The first watch I ever purchased with my own money was a fashion watch.  I bought a Guess rectangle cased quartz dress watch.  I had no idea about the world of mechanical watches and thought $200 was the most I would ever spend on a watch.  While I still have that watch and even though I will never wear it again for various reasons, it reminds me of the first watch I purchased myself.  When I saw the Brew Retrograph at the 2018 Wind-Up fair, it immediately brought me back to the joy I had when I purchased that Guess watch.  Part of the reason watch collecting is so fun is because of the range of emotions you can feel by just looking at a watch.  The rectangle case of the Retrograph lit up a dormant part of my brain.  The Retrograph and the first watch I bought myself couldn’t be more different.  However, I still gleam with joy every time I look at the Retrograph.

A pocket shot showing how well the Brew Retrograph wears
The Retrograph wears extremely well – on my 6.75″ wrist it looks right at home

Coffee Inspired Watches?

Brew has been around for a few years and the coffee house inspired watch brand excels at making watches you haven’t seen before.  However, as I outlined above, they find a way to elicit a response out of you.  Predominately, that response is joy.  The previous release, the HP-1 had a crazy domed crystal that played with light and angles in so many ways you couldn’t help but smile.

There are subtle cues to the founder of Brew, Jon’s affinity toward coffee.  For example, the crown on the Retrograph is signed with the silhouette of a coffee bean.  While that may be obvious to some, there are less obvious traits on the Retrograph.  Once you become aware of them, the thought and detail that went into this watch becomes apparent.  The hash marks around the outside of the dial are for something specifically coffee related. It makes the chronograph function of the Retrograph make so much sense.  Take notice of the hash marks that are tightly packed from the 12 o’clock position until the 35-minute mark.  I was unaware of why until Jon told me.  The optimal time to complete an espresso extraction is 25 to 35 seconds.  I personally do not brew a lot of espresso. However, I have found there are a few things I use the timer for that fall into that range and make the visual aid useful.

The Brew Retrograph in its natural habitat
The Retrograph aims to be the watch you put on in the morning and start using right away

Not Quartz, but not Mechanical

Let’s dive into the chronograph and movement of the Retrograph a little further.  The Retrograph uses Seiko’s VK64 Meca-Quartz movement.  This movement has been popping up in more micro-brand releases and for good reason.  You get the ease and convenience of a quartz watch with the mechanical feedback and operation of a mechanical chronograph.  The chronograph hand will sweep (not tick) when actuated and provides a quick snap back to the 12 o’clock position when reset.  The subdials are a 60-minute counter and a 24-hour counter tied to the main time on the watch.  I’m a sucker for slightly sunken subdials.  The subdials here, especially on the Oxford dial, are not immediately apparent.  Once you notice them, they are another layer of hidden detail that Brew has put into the Retrograph.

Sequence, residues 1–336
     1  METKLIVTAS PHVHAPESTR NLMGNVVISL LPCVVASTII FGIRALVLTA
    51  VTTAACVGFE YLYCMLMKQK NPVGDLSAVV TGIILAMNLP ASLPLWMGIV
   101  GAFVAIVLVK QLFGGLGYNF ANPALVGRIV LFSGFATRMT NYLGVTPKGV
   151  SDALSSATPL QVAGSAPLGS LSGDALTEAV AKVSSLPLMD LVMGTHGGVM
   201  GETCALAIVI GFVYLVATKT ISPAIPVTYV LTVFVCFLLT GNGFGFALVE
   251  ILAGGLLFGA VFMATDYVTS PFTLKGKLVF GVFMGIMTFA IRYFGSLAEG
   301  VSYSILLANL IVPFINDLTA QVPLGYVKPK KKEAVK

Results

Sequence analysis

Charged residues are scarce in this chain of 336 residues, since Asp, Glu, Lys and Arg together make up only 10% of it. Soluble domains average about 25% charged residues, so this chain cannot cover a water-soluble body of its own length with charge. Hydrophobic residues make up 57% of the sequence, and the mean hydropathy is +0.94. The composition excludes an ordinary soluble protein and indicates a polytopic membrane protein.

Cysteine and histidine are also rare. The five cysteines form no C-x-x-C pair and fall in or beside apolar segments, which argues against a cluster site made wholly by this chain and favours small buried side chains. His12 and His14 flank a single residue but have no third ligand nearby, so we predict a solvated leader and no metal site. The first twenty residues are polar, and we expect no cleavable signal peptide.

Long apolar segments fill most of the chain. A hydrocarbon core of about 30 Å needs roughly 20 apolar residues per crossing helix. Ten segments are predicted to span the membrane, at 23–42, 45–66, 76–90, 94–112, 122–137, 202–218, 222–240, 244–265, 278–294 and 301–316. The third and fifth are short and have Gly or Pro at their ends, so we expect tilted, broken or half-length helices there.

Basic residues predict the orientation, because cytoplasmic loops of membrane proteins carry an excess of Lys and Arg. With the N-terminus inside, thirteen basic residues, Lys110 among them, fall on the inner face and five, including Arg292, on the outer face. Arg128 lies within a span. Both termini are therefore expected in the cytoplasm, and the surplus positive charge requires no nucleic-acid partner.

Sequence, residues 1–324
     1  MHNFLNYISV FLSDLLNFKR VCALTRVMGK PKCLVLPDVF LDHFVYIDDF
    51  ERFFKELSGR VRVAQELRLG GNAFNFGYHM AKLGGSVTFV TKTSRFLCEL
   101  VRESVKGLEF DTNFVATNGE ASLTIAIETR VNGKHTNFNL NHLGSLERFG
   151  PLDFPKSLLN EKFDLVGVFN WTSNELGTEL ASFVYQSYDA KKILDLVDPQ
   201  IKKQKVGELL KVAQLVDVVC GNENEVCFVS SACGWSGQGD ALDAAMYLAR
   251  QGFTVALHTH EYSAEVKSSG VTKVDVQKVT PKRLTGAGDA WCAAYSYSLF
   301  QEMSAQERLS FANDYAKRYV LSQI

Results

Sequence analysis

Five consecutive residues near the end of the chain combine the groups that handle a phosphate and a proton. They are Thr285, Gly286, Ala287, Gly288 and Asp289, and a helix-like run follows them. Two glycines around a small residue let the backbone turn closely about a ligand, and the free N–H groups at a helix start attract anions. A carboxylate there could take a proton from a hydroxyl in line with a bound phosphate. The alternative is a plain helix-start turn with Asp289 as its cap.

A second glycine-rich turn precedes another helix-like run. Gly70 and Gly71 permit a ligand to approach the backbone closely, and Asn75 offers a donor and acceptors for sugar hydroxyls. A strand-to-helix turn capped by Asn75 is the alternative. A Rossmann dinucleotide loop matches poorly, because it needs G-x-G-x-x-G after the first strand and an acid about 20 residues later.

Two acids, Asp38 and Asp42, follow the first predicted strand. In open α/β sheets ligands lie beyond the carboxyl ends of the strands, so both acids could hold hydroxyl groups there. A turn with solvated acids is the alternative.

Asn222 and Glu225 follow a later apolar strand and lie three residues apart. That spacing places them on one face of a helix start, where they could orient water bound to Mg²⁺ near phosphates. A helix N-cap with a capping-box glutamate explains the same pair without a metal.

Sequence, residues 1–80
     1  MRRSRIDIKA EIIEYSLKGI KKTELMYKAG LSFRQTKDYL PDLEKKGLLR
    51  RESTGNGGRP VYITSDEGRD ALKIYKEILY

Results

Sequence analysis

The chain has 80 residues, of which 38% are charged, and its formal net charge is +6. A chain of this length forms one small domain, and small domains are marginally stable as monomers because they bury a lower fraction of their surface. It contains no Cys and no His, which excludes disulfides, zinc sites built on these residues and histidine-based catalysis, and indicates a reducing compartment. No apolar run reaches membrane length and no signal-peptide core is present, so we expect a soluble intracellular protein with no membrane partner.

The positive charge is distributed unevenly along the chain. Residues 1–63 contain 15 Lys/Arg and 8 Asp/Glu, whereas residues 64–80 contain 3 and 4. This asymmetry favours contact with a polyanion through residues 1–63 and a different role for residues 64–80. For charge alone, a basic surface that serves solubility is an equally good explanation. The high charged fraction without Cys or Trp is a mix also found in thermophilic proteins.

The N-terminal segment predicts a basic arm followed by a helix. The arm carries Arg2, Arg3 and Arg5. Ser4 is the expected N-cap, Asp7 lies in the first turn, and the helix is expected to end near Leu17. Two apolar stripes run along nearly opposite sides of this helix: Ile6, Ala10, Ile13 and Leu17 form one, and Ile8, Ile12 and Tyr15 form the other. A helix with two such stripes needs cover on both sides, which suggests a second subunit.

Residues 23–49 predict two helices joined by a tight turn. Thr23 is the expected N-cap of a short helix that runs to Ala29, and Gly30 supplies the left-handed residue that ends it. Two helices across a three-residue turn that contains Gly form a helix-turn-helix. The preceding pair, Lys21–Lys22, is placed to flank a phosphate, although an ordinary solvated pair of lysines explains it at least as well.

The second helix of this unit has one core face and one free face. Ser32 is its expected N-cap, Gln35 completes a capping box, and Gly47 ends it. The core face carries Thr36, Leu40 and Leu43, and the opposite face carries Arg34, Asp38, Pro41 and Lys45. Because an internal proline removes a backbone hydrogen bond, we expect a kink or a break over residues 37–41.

There is no constant running seconds hand on this watch.  This gives it a calm and still feeling when checking the time.  On my white dial (Oxford) version, the hash marks and hour markers are outlined in black.  This makes the Retrograph extremely easy to read at a glance.  The chronograph hand being lumed is my only knock on the legibility of the dial.  This can make it a bit tricky to read in brighter light.  On the flip side, it is abundantly clear at night or in low light when illuminated.

A 50/50 lume shot of the Brew Retrograph
A 50/50 lume shot of the Brew Retrograph – one of my favorite details is the fully lumed chronograph hand

Limitless Options

Given the dimensions of the Retrograph, it wears decidedly well.  Coming in at 38mm wide and 41.5mm tall, it is going to have a Goldilocks effect and feel just right.  At only 10.4mm thick, it shouldn’t have a problem sliding under your cuff.  My white dial Oxford version would look right at home with a suit and would make a wonderful conversation piece.  A few friends who have asked me about it and thought the 25-35 seconds hashmark detail was a nice touch.  Because of the rectangular shape of the case, the “lugs” are straight.  This trait creates a clean appearance for straps and bracelets as there is never space between the watch and whatever you have mounted to it.  Your aftermarket bracelet options are endless.  I opted for an aftermarket beads of rice bracelet, which I felt matched the vintage vibes of the watch.

It often takes me a little while and a lot of examining before I decide I want to buy a watch.  The Retrograph is one that I knew I wanted immediately.  I had a hard time deciding on which colorway to get as they are all executed in a slightly different way to show off the details.  My Oxford dial highlights the hash marks, the reverse Panda (Remington) showcases the subdials and the Cobalt plays with the light with its sunburst blue dial.  There is a lot to like no matter which colorway you choose.  I don’t own a lot of quartz watches, this is the first one I have bought in some time.  The magic of the Retrograph is that it makes you forget about the movement and reminds you to look at the details.  All the small things packaged together in this watch make it an instant classic, a watch that will bring a smile to your face for years to come.

More Images of the Retrograph